Page 2:The Making Of A Radeon HD 5970
Page 3:Overclocking ATI’s Radeon HD 5970
Page 4:5900-Series: Eyefinity/CrossFire Tech Preview
Page 5:Hardware Test Setup And Benchmarks
Page 6:Benchmark Results: 3DMark Vantage
Page 7:Benchmark Results: S.T.A.L.K.E.R. Clear Sky
Page 8:Benchmark Results: Crysis
Page 9:Benchmark Results: Far Cry 2
Page 10:Benchmark Results: Left 4 Dead
Page 11:Benchmark Results: World In Conflict
Page 12:Benchmark Results: H.A.W.X.
Page 13:Benchmark Results: Resident Evil 5
Page 14:Benchmark Results: Grand Theft Auto IV
Page 15:Power, Noise, And Heat
The Making Of A Radeon HD 5970
As with the Radeon HD 4870 X2 and Nvidia’s second-generation GeForce GTX 295, ATI’s Radeon HD 5970 populates a single PCB. It consists of two 2.15 billion transistor Cypress GPUs with 1GB of GDDR5 memory each, joined by a 48-lane PLX PCI Express bridge. The bridge is, for the most part, the same one seen on last-generation’s Radeon HD 4870 X2. However, it has been updated for PCI Express 2.1, an incremental and non-performance-related evolution.
|Radeon HD 5970||Radeon HD 5870||Radeon HD 5850|
|Total Transistors||4.3 billion||2.15 billion||2.15 billion|
|Shader Processors||2 x 1,600||1,600||1,440|
|Engine Clock Rate||725 MHz||850 MHz||725 MHz|
|Memory Clock Rate||1,000 MHz||1,200 MHz||1,000 MHz|
|Memory Bandwidth||2 x 128 GB/s||153.6 GB/s||128 GB/s|
|Texture Units||2 x 80||80||72|
|Texture Fillrate||116 GTexel/s||68 GTexel/s||52.2 GTexel/s|
|ROPs||2 x 32||32||32|
|Pixel Fillrate||46.4 GPixel/s||27.2 GPixel/s||23.2 GPixel/s|
|Compute Performance||4.64 TFLOPs||2.72 TFLOPs||2.09 TFLOPs|
|Maximum Board Power||294W||188W||170W|
|Idle Board Power||42W||27W||27W|
Each of the two graphics processors is fully-featured, with 1,600 shader processors (ALUs), 80 texture units, 32 ROPs, and 1GB of attached GDDR5 memory on a 256-bit bus. What is changed are the core and memory clocks. The pair of Cypress chips runs at 725 MHz and the memory at 1 GHz. Thus, at stock clocks, we’d expect the Radeon HD 5970 to be the fastest single discrete card in ATI’s stable, but slower than two Radeon HD 5870s in CrossFire.
But the shipping clocks don’t tell the whole story, according to ATI.
Why Not Go All-Out?
Much of the board’s length can be attributed to the onboard power circuitry needed to drive the two Cypress GPUs. Here’s where many of the design decisions behind this card were actually made.
For example, ATI reduced the voltages it used and correspondingly dropped the 5970’s clock rates to Radeon HD 5850 levels. This was done to keep maximum board power to 294W—under the defined 300W PCI-SIG electromechanical specification, delivered through the physical slot (75W), one six-pin auxiliary connection (another 75W), and an eight-pin auxiliary connector (150W). Pushing Radeon HD 5870 frequencies (850 MHz core/1,200 MHz memory) would have pushed max. board power closer to 375-400W and immediately cut out a segment of enthusiasts who don’t have twin eight-pin auxiliary power connectors on their power supplies.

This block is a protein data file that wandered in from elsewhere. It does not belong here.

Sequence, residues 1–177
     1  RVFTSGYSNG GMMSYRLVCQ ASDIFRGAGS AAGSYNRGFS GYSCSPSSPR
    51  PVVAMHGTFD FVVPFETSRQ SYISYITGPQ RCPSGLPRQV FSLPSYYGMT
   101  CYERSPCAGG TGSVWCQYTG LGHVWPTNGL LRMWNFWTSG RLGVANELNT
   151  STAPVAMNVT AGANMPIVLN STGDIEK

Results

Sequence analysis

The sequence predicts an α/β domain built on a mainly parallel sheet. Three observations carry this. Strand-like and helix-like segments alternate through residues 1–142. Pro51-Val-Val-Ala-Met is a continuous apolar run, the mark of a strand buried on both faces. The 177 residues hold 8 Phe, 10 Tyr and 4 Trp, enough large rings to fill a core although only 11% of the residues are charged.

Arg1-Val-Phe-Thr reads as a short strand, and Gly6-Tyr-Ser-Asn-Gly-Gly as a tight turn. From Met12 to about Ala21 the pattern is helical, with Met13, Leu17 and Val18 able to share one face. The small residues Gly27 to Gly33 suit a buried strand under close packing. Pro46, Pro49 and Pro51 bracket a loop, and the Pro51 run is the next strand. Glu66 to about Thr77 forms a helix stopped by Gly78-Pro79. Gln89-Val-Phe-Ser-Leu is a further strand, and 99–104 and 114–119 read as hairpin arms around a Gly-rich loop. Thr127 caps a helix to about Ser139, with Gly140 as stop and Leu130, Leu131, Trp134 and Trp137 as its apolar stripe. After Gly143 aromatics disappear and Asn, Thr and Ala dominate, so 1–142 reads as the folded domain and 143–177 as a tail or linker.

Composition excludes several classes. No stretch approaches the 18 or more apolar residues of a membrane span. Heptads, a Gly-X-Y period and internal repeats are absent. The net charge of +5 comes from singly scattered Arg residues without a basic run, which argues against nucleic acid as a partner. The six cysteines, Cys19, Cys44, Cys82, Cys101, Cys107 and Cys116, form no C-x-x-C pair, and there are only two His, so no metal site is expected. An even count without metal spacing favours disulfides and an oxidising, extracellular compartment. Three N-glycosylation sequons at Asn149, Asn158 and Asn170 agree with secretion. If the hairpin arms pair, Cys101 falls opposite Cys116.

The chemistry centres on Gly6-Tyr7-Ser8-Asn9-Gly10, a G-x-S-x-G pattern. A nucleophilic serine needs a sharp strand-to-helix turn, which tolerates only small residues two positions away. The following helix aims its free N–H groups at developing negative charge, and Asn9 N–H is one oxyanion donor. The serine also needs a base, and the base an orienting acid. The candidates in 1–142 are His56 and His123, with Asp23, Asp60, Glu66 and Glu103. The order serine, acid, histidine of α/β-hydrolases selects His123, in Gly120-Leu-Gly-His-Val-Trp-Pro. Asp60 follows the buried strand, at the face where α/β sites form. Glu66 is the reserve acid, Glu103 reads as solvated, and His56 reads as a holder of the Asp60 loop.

However, ATI says the Radeon HD 5970 was designed to run at those clock rates. It features specially-screened low-leakage ASICs that run cooler than higher-leakage parts. It employs 5 Gb/s GDDR5 memory actually rated for 1,250 MHz. And perhaps most important, its vapor chamber-based cooling solution is designed with enough capacity to dissipate as much as 400W.
The only missing piece is an official voltage tweaking utility. In an unprecedented move by a GPU vendor, ATI went so far as to provide us with such a utility—a reference app—to give us access to those elevated settings. According to the rep who briefed us, third-party board vendors will bundle their own voltage apps along with hardware so that those with capable-enough PSUs will get the chance to push the hardware a little further—at least to 5870 levels, we’re hoping.
That’s A Huge Board
Those of you who thought the Radeon HD 5870 was already “healthy”-sized, this 5970 is even larger—an inch longer, to be exact. Despite the increase in length, the board’s exterior isn’t much different from what you saw on the Radeon HD 5870—the same fully-shrouded red/black motif with faux rear-vents are still in effect. Because ATI kept power down under 300W, it gets away with one six-pin and one eight-pin auxiliary connector on the board’s top-edge. There’s a single CrossFire connector, should the holiday season treat you well and you want to spend $1,200 on graphics cards.
Perhaps most notable is the rear I/O bracket. Gone is the HDMI output connector (you’d have to be crazy to tie this card into an HTPC). Instead, ATI exposes two dual-link DVI outputs and a single mini-DisplayPort output. Thus, Eyefinity is still viable here, right up to 3 x 2560x1600.
ATI uses the space freed up by the smaller DisplayPort and missing HDMI outputs for a full-length exhaust vent. While there’s ventilation all along the top of the board, most of the card’s heated air exits the back. In contrast, the Radeon HD 5870 is far guiltier of re-circulating hot air.
- The Making Of A Radeon HD 5970
- Overclocking ATI’s Radeon HD 5970
- 5900-Series: Eyefinity/CrossFire Tech Preview
- Hardware Test Setup And Benchmarks
- Benchmark Results: 3DMark Vantage
- Benchmark Results: S.T.A.L.K.E.R. Clear Sky
- Benchmark Results: Crysis
- Benchmark Results: Far Cry 2
- Benchmark Results: Left 4 Dead
- Benchmark Results: World In Conflict
- Benchmark Results: H.A.W.X.
- Benchmark Results: Resident Evil 5
- Benchmark Results: Grand Theft Auto IV
- Power, Noise, And Heat